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Silvie Aigner

... no fear! no fear! New works of Hannah Stippl
von Hartwig Knack


"Flowery wallpapers that turn out wild, patterns applied with rubber rollers and meadowland without horizon and without release. Even idyll can turn into a horror vision" (Martin Praska, 2002)

For some years Vienna based artist Hannah Stippl uses pattern rollers made of rubber as a structural starting point for her paintings. Formerly these rollers were used to apply flowery and ornamental patterns onto the walls of staircases, kitchens and living rooms. Hannah Stippl uses this, previously bourgeois wall decoration, nowadays often associated with happy past times for her engaged artistic comment.(Viewpoint)

The series "position desired_05", created within two and a half months (November 2004 to january 2005) deals with job applications in the security branch and private military companies, where high profit is tied together with high risk. The ten big canvases are specially made for her solo show "... no fear!" in the factory of the Kunsthalle Krems. Combined with quotations of texts from advertisments found in the internet, in this work the artist talks about current political themes, directs the view to the fragile condition of our society and does not avoid shake unspoken taboos and restrictions.

In the job applications chosen by Hannah Stippl jobseekers offer themselves as security guards and mercenaries for positions in zones of war and crisis. War experience, knowledge in how to handle different weapons, the readiness to kill, unscrupulousness and brutality, are the forefront qualifications the unemployed maintain in the spotlight of the competition for the most part. Therefore Hannah Stippl with this work series provides a deeply distressing look into the spectrum of madness of present "up-to-date" war. Her works provide a look behind the scene, they disclose once more that violence and cruelty long ago have reached a global dimension, are part of all day life and our civil society. Pieces of the advertising texts make the dimension of the topic visible; the idyll, which at times is unjustified proposed to her work is more fragile than ever:

•  "Ready to move out and draw fire." (Chris Watson, Texas)
•  "Willing to go anywhere…do anything!" (Carrie MacNeill, Kanada) "I am ready to work (in Iraq), the more risk the better." (Angela Boyd, Ohio)
•  "I am currently working in Iraq on contract, doing interrogations on enemy pow’s. Qualified with several different weapons." (Roy Repasky, Texas)
•  "Want to kill now. God bless our president!" (Daviechan, Washington, DC)

Collage, Ornament and Reality

Hannah Stippls new work pulls the spectator into a flickering wickerwork of vegetation, writing and ornament. Even though the flowery pattern change everything they catch hold of into a visual pleasure, her work is on principle more about a matter of playing with colours, text and form. Mostly coloured in typical military camouflage colours, the attentively executed and in detail arranged structures and flower collages always contain terms like deception, cover up, glossing over or embellishment.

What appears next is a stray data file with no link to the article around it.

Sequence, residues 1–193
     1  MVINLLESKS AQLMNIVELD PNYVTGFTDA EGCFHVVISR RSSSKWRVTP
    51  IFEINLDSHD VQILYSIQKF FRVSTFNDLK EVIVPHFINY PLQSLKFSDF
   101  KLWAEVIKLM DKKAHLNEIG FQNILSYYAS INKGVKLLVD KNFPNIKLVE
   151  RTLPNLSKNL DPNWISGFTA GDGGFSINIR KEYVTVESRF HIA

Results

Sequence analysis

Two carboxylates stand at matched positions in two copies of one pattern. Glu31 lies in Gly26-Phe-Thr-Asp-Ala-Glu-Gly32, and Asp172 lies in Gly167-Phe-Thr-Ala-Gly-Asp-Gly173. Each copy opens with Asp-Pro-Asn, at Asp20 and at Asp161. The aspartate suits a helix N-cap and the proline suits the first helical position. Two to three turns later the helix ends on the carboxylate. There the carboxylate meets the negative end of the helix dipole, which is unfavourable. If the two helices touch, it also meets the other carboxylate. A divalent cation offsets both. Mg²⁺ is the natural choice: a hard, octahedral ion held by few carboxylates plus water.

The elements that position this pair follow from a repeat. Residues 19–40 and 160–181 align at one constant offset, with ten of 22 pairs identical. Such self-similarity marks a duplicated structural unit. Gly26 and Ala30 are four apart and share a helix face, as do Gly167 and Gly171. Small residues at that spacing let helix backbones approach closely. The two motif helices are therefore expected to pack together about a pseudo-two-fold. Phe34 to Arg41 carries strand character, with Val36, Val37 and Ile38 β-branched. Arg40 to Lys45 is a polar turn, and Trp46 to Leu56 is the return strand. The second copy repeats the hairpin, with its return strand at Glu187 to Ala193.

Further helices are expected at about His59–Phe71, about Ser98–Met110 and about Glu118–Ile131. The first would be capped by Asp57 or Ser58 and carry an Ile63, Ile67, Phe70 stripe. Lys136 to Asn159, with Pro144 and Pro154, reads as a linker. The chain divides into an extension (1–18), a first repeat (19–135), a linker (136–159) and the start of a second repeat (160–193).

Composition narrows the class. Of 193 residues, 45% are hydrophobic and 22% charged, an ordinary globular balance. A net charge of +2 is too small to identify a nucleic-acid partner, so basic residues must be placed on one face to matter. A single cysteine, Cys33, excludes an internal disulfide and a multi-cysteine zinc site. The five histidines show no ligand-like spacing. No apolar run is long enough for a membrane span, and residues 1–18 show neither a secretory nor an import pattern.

When combined with applied texts pattern and ornament receive a sudden concrete allegoric and symbolic content. Stippl does not try to understand the principles of collage as a technical process primarily. With this method she pursues the intention to come closer to realities. As a "Critical Realist" she establishes connexions, interprets single phenomena as details of more extensive processes and appeals to the power of judgement of the spectator. Her works are works for dialogue. They create associations of meanings, raise questions to contribute to their answer, place topics to discussion in order to obtain clearness about it. The Graduate of the Vienna University of Applied Arts she reports realities which concern or affect more or less everybody, expresses her opinion about the phenomena she calls upon by releaving the documents (job advertisment) she uses to prove authenticity. Spectators of her work are urged to join the discussion.

With the trick to amalgamate ornamental pattern and text she suceeds in liberating the ornament of its only decorative function. This concerted action guarantees at last the realistic character of foremost abstract-ornamental seeming works. Suddenly patterns have the power to transport in their abstraction a content rich of different facets, to take over the function of a carrier symbolic of moral, social and political conceptions.

In this field of tension the artist consciously renounces in her statement the use of political emblems or other well known symbols of every day life in order to put her interest to the point. In the tradition of anti war art she acts comparatively subtile. Actual experiences or visions of the inferno of war like in the work of Otto Dix, George Grosz, Pablo Picasso, Leon Golub or Duane Hanson, cannot be found. Possible hostile actions and atrocity are anticipated by Hannah Stippl, but she neither names nor shows them explicitly. She counts on the enormous subversive power of her works, which is based on the fact that on the surface, they pretend to be harmless in order to make themselves heard at the right time with a powerful attack of surprise.